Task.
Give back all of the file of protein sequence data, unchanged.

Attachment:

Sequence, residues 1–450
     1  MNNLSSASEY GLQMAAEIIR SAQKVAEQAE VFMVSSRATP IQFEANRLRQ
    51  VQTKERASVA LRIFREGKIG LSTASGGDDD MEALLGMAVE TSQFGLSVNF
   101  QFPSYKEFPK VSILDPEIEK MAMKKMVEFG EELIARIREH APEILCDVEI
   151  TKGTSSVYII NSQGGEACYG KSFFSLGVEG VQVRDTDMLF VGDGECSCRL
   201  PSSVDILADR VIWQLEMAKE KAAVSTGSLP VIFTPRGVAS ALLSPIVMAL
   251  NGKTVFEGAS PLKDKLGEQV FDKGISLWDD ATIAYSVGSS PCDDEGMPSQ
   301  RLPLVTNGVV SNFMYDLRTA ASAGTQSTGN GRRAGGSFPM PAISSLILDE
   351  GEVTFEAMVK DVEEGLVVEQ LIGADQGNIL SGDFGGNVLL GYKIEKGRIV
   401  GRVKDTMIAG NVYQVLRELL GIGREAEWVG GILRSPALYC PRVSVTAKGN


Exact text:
Sequence, residues 1–450
     1  MNNLSSASEY GLQMAAEIIR SAQKVAEQAE VFMVSSRATP IQFEANRLRQ
    51  VQTKERASVA LRIFREGKIG LSTASGGDDD MEALLGMAVE TSQFGLSVNF
   101  QFPSYKEFPK VSILDPEIEK MAMKKMVEFG EELIARIREH APEILCDVEI
   151  TKGTSSVYII NSQGGEACYG KSFFSLGVEG VQVRDTDMLF VGDGECSCRL
   201  PSSVDILADR VIWQLEMAKE KAAVSTGSLP VIFTPRGVAS ALLSPIVMAL
   251  NGKTVFEGAS PLKDKLGEQV FDKGISLWDD ATIAYSVGSS PCDDEGMPSQ
   301  RLPLVTNGVV SNFMYDLRTA ASAGTQSTGN GRRAGGSFPM PAISSLILDE
   351  GEVTFEAMVK DVEEGLVVEQ LIGADQGNIL SGDFGGNVLL GYKIEKGRIV
   401  GRVKDTMIAG NVYQVLRELL GIGREAEWVG GILRSPALYC PRVSVTAKGN